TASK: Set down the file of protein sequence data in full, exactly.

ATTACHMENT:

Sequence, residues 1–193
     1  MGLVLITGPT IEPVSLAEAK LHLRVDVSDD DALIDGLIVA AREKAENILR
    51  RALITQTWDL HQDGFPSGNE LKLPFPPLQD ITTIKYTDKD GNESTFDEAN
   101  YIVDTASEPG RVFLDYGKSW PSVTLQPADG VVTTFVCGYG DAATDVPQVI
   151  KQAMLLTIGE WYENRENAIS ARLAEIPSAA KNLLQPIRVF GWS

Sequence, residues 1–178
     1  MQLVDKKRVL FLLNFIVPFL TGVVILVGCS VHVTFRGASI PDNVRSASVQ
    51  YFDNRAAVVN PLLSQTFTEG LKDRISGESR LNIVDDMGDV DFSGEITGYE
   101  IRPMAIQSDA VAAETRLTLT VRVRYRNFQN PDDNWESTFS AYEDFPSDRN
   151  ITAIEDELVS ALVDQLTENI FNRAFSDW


Sequence, residues 1–193
     1  MGLVLITGPT IEPVSLAEAK LHLRVDVSDD DALIDGLIVA AREKAENILR
    51  RALITQTWDL HQDGFPSGNE LKLPFPPLQD ITTIKYTDKD GNESTFDEAN
   101  YIVDTASEPG RVFLDYGKSW PSVTLQPADG VVTTFVCGYG DAATDVPQVI
   151  KQAMLLTIGE WYENRENAIS ARLAEIPSAA KNLLQPIRVF GWS

Sequence, residues 1–178
     1  MQLVDKKRVL FLLNFIVPFL TGVVILVGCS VHVTFRGASI PDNVRSASVQ
    51  YFDNRAAVVN PLLSQTFTEG LKDRISGESR LNIVDDMGDV DFSGEITGYE
   101  IRPMAIQSDA VAAETRLTLT VRVRYRNFQN PDDNWESTFS AYEDFPSDRN
   151  ITAIEDELVS ALVDQLTENI FNRAFSDW